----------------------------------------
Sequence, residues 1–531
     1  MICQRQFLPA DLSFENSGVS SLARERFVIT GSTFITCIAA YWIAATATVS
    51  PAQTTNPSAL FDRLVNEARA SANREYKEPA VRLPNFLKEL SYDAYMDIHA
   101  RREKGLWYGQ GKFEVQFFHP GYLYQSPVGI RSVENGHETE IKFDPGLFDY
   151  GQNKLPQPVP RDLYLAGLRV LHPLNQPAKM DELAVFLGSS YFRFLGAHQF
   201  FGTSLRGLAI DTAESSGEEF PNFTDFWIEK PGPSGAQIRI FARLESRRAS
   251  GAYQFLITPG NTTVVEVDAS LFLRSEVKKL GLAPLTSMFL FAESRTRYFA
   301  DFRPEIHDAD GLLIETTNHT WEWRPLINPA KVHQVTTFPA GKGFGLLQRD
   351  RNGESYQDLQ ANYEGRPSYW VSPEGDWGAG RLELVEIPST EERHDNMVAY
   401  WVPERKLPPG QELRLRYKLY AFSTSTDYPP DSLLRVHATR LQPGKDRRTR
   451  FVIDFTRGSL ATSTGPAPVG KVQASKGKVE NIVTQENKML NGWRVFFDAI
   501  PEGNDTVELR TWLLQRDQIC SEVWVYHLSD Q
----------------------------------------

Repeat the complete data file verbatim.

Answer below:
Sequence, residues 1–531
     1  MICQRQFLPA DLSFENSGVS SLARERFVIT GSTFITCIAA YWIAATATVS
    51  PAQTTNPSAL FDRLVNEARA SANREYKEPA VRLPNFLKEL SYDAYMDIHA
   101  RREKGLWYGQ GKFEVQFFHP GYLYQSPVGI RSVENGHETE IKFDPGLFDY
   151  GQNKLPQPVP RDLYLAGLRV LHPLNQPAKM DELAVFLGSS YFRFLGAHQF
   201  FGTSLRGLAI DTAESSGEEF PNFTDFWIEK PGPSGAQIRI FARLESRRAS
   251  GAYQFLITPG NTTVVEVDAS LFLRSEVKKL GLAPLTSMFL FAESRTRYFA
   301  DFRPEIHDAD GLLIETTNHT WEWRPLINPA KVHQVTTFPA GKGFGLLQRD
   351  RNGESYQDLQ ANYEGRPSYW VSPEGDWGAG RLELVEIPST EERHDNMVAY
   401  WVPERKLPPG QELRLRYKLY AFSTSTDYPP DSLLRVHATR LQPGKDRRTR
   451  FVIDFTRGSL ATSTGPAPVG KVQASKGKVE NIVTQENKML NGWRVFFDAI
   501  PEGNDTVELR TWLLQRDQIC SEVWVYHLSD Q